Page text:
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View Full Version : mac can't read all dvds ?!?!


mcadam
May 10, 2004, 08:27 AM
hello out there

bought a dvd the other day, ghost dog, so happy, it was very cheap...in the evening all set, ready to watch it with my girlfriend, puts it in my pb, everything looks fine untill i start playing it when it just jams completely and asks my to restart the computer!!!

next day back to shop, get it changed witha copy that's not broken, but exactly the same thing happens. Back to shop again - and then!! The guy there tells me it's a common problem with macs!! I can't beliiieve it!

Anybody with the same experience, someone who can, please, tell me it's not apples fault!

Adam

Elbeano
May 10, 2004, 08:42 AM
I'm not speaking from any personal experience, but only what I would do with my PC if I encountered a similar situation. Try getting another program for playing DVD's. Or, since you have the kind of money to spend on a mac anyway, go buy a 30 dollar dvd player at best buy or something, and watch it on that, assuming you don't really need to watch this in the car or a plane or something.

mcadam
May 10, 2004, 08:50 AM
well, don't have a tv, so just buying a cheap player is not an option! Besides, the real issue here is that it shouldn't be true that the pb can't play some dvd's - it should just work! so, why don't it?

adam

arogge
May 10, 2004, 08:55 AM
Some DVDs must be run through DeCSS before they can be played on the Mac.

Veldek
May 10, 2004, 09:29 AM
Some DVDs must be run through DeCSS before they can be played on the Mac.

Could you elaborate this a bit more? Perhaps give a short description or a link at least.

603
May 10, 2004, 09:57 AM
DeCSS is not a separate program (well, it sort of is, but it's not an "application" in the user-based sense). rather, DeCSS is included in certain media playback applications such as VideoLan:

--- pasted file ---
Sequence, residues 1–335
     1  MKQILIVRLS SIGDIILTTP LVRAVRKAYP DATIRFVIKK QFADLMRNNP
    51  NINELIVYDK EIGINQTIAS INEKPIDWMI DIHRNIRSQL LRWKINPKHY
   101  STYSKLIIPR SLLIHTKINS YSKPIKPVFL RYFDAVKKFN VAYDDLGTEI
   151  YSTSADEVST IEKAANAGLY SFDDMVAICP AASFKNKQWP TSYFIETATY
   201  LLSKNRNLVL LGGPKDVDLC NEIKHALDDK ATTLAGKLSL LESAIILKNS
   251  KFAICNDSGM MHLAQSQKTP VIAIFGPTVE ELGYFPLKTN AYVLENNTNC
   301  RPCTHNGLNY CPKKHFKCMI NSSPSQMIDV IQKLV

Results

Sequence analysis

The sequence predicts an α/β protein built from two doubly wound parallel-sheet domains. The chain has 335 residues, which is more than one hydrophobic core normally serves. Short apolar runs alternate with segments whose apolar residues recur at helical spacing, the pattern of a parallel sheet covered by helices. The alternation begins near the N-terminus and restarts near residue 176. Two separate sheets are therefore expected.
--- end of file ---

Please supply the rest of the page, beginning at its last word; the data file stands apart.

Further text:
http://www.videolan.org/vlc/download-macosx.html

flyfish29
May 10, 2004, 10:58 AM
There have been issues with PS2's not playing all DVD's, Macs, along with some DVD players having issues. There used to be a site about which DVD's PS2's would not play...don't know if there is one on the Mac platform though.

jeremy.king
May 10, 2004, 11:09 AM
Sounds like a hardware problem to me. If your discs cannot be ejected, then I would get the laptop repaired. I doubt its the discs.

Do you have applecare? If so, call Apple.

BrianKonarsMac
May 10, 2004, 11:54 AM
10 bucks its a Windows Media encrypted CD, i've head if u take a black felt tip marker and trace the outer edge it should work, but i don't have any encrypted dvd's to try it on. you may want to try REMOVING the encryption via a program such as DVDBackup or MacTheRipper available at your friendly versiontracker or macupdate near you :P.

Is there a link for information on Windows Media encrypted CDs? I haven't heard of that before but it sounds like Microsoft's style.

if you do a search on CNet or CNN i'm sure it will come up, it was a big deal awhile ago because the CDs could actually BREAK your drive, and apparently it happened to alot of people. as long as the artists right's aren't violated though i suppose :confused: .

Horrortaxi
May 10, 2004, 12:02 PM
Some DVDs must be run through DeCSS before they can be played on the Mac.

Why would that be? CSS is copyright protection so unless he's copying the disk it's not an issue.

The only thing I've heard of that is similar is that you have to play a disk through DVD player before you can copy it with DVD Backup (which will also strip the CSS).

Is there a link for information on Windows Media encrypted CDs? I haven't heard of that before but it sounds like Microsoft's style.

ftaok
May 10, 2004, 03:34 PM
hello out there

bought a dvd the other day, ghost dog, so happy, it was very cheap...in the evening all set, ready to watch it with my girlfriend, puts it in my pb, everything looks fine untill i start playing it when it just jams completely and asks my to restart the computer!!!

next day back to shop, get it changed witha copy that's not broken, but exactly the same thing happens. Back to shop again - and then!! The guy there tells me it's a common problem with macs!! I can't beliiieve it!

Anybody with the same experience, someone who can, please, tell me it's not apples fault!

AdamI have one DVD that doesn't play right on my iBook 500 (OS X 10.2.8). It's "The Justice League" cartoon DVD. It always freezes at the same point in the movie.

I've tried copying the Video_TS folder and playing it off the hard drive and it still didn't work. For what it's worth, it's a Warner Bros. DVD.

mcadam